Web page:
There's a clear message that David Wain wants to send with "Wanderlust": he will move you. In fact, he'll even massage your head if you're in the aisle of a screening, as he did yesterday as a part of Film Comment Selects at Lincoln Center in New York City (seriously, the author can confirm that Wain's fingers are like a gentle breeze).
"I bet most of these pictures are going straight up to www.twitter.com," said Wain on stage at Lincoln Center. After last night's screening, the co-writer/director was joined by Paul Rudd, Ken Marino, Kerry Kenney-Silver and Alan Alda. The joke would become serious during the Q&A later, when Wain became visibly annoyed by all the photos being taken from the front row.
But before that, the important question: what inspired the film? "Funny, we were just talking about the Internet," said Wain. "The initial round of research was done on a place we found called Wikipedia. But later on in the process, we did visit some communes and we learned a lot."
The internet does show up in the film, especially toward the end, from co-opted viral videos being re-enacted (one of the movie's best bits) to re-purposing old sketches. Still, it's impossible to have a Q&A without the assembled crew taking questions and running wild with them (Ken: "But while we were reading Wikipedia and when we visited the communes, we were both naked.") So, where'd the idea come from? (Ken, again: "Communes have been around for a long time.") While waiting for the laughter to die down, Wain would take control of the talk and bring it back to their improv nature.
"We wrote a script that we always changed and evolved and worked on to revise the script throughout the production process, shooting process and editing process. But whatever pages we had on the day, we would shoot those and we would shoot a lot of alt material as well. And we would also let the actors go free, improvise and play--we'd take all of that into the edit room and take whatever we felt was best," he explained.
"I never was in a picture before where there were alts--being a word for alternative lines. Some of these alternative lines meant the scene you had just done couldn't possibly be in the movie," said Alda about his first experience working with Wain, Marino and the rest of the team. "They just obliterated everything you thought about the character."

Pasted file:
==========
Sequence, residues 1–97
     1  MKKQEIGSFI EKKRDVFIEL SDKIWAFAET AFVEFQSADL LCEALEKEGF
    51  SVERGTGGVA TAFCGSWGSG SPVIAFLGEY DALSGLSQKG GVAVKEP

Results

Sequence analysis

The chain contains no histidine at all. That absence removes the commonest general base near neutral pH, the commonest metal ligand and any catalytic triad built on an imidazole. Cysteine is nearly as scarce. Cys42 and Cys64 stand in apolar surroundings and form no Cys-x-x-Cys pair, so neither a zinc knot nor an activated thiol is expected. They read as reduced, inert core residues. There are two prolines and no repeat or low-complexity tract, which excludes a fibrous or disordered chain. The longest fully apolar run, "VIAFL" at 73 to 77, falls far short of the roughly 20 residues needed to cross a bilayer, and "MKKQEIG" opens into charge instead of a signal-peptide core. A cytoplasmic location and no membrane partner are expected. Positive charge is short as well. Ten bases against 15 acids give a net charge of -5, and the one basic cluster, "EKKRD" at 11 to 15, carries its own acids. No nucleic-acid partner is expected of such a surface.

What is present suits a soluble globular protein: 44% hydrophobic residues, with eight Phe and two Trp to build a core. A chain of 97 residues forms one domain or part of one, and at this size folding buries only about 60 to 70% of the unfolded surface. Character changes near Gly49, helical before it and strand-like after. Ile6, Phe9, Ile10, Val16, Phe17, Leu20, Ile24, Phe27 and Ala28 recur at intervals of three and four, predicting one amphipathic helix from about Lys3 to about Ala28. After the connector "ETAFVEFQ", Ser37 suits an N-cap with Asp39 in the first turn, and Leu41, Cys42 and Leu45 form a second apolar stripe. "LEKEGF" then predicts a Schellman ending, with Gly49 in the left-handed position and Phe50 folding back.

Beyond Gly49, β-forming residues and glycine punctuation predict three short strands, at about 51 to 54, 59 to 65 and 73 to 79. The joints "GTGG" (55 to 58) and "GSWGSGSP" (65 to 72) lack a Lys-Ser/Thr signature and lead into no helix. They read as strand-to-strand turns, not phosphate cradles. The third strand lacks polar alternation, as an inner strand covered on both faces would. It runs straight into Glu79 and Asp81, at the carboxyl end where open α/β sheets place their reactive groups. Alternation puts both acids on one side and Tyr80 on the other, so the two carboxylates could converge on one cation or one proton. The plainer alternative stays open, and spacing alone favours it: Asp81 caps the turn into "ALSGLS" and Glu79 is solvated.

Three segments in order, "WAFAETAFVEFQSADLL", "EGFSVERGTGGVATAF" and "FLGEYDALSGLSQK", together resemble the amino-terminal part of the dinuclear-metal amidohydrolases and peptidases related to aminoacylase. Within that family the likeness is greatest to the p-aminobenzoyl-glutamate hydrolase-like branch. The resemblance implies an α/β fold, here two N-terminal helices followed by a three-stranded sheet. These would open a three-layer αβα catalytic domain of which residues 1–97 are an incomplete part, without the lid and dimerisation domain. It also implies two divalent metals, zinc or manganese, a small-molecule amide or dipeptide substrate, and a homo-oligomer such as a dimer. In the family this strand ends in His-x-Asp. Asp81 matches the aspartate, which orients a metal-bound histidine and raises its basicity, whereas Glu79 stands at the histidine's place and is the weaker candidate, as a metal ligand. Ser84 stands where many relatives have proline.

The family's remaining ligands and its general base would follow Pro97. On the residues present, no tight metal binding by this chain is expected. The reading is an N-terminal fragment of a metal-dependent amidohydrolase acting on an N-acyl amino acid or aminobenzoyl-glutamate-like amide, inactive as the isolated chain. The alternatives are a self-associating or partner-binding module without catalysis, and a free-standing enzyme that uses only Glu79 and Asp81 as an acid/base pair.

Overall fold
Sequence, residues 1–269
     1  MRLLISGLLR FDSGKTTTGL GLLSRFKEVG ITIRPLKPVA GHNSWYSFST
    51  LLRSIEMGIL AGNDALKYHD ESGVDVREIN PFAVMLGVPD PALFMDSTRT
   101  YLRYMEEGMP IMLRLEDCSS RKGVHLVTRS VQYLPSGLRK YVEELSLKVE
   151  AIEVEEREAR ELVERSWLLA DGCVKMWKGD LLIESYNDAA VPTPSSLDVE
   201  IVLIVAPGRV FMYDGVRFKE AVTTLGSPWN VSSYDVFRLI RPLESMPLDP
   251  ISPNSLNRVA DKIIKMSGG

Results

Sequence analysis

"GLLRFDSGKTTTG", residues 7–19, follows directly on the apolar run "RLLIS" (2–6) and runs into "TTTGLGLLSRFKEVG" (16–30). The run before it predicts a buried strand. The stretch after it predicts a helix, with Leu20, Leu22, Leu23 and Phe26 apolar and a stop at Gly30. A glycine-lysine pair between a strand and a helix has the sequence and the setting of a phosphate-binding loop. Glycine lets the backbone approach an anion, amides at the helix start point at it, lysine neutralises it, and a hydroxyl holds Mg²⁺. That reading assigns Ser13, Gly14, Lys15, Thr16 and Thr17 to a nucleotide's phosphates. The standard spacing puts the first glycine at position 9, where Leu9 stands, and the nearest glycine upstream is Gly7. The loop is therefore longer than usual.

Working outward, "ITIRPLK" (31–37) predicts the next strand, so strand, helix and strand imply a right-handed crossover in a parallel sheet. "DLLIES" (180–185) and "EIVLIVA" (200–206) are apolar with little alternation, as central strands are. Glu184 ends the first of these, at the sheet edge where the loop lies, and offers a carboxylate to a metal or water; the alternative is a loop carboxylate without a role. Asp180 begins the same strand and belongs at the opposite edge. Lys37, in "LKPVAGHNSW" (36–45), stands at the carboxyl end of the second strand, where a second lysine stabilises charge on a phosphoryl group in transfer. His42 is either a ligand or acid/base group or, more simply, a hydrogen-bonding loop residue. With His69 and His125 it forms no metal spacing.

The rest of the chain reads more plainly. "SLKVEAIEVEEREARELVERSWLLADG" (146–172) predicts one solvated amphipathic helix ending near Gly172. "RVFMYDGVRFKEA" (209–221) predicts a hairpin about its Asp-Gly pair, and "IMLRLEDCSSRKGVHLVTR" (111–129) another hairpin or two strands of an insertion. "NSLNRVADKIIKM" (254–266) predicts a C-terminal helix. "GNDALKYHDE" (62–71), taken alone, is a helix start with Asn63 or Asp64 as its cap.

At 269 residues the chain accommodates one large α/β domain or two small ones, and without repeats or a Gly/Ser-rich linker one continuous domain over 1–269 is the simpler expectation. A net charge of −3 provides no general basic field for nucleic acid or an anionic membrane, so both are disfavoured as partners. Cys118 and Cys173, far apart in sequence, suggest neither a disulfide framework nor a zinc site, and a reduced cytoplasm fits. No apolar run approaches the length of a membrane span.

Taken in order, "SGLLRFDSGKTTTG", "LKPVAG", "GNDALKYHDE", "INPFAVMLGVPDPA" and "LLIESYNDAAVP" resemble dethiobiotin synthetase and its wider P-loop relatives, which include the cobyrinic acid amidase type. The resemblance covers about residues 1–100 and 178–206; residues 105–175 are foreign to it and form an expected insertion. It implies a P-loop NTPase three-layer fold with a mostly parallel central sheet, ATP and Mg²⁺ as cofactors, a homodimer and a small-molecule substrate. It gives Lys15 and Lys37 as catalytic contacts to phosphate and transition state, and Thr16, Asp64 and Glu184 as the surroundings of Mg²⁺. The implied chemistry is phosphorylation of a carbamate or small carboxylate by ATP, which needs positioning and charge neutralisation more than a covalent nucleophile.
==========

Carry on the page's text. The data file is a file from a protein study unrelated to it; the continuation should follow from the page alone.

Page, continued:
"[In] a lot of movies and comedies, there's a place for a joke or a punchline and you'll shoot them all. I think that more and more, comedies are doing a thing where they have alt whole scenes that completely affect the plot," said Wain. Asked by Alda what to do if that happens down the "tricky rabbit hole" of alts, Wain simply admitted, "It's a total mess."
Rudd chimed in saying, "I think it's a Judd influence. Some of the alts were really drastic where it does affect the plot--now you like being in the commune in this take, now you don't like it! It's just a different joke."
Wain: "Now when you say Judd you're referring to Judd Apatow, one of the producers of the film."
Rudd paused. "No, I meant Ashley Judd. She wanted every alt to involve Kentucky basketball."
In fact, there were so many alts shot that Wain revealed the DVD would contain "The Bizarro Cut," which will be the same film--just with none of the same lines or possibly even readings as seen in the theatrical. It even means more of the soon-to-be-famous speech that Rudd gives to himself in front of a mirror to psych himself into sleeping with free-loving Eva (Malin Akerman) will be included.
"Believe it or not, there were things that weren't used in that scene," said Rudd. It was also the first scene shot, along with the heart-to-heart he has with Jordan Peele on a toilet. "I remember looking around. Some of the crew had worked with us before and this improvisational way of shooting. But others hadn't. There was kind of a disturbed look on the crew's faces, 'What are we shooting? I didn't read this part.' In the script, it was really talking about the erection selection. The first part was scripted but I believe David wanted to just keep it rolling."
When the inevitable "Party Down" movie question was asked by the audience, Rudd said, "Well, we definitely want it to be a movie. Ah, you brought your DVD I see." Ken Marino stood up, walked over to the excited fan and gamely took the DVD. And then walked away. (He and Rudd signed it).
"What she's not acknowledging is Paul co-created the show, Ken starred in the show and I directed an episode," said Wain.
"I had four lines in an episode," chimed in Kenny-Silver.
"Alan may have seen an episode."
"I have no idea what any of you are talking about," said Alda.
"Wanderlust" opens on Friday, February 24th.